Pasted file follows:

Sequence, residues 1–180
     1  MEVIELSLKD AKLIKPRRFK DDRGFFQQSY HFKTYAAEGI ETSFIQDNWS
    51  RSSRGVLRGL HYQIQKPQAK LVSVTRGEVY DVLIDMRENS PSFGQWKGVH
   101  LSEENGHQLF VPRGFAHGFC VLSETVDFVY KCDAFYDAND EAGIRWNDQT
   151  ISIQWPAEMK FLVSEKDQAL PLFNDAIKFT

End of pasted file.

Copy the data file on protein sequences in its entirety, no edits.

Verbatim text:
Sequence, residues 1–180
     1  MEVIELSLKD AKLIKPRRFK DDRGFFQQSY HFKTYAAEGI ETSFIQDNWS
    51  RSSRGVLRGL HYQIQKPQAK LVSVTRGEVY DVLIDMRENS PSFGQWKGVH
   101  LSEENGHQLF VPRGFAHGFC VLSETVDFVY KCDAFYDAND EAGIRWNDQT
   151  ISIQWPAEMK FLVSEKDQAL PLFNDAIKFT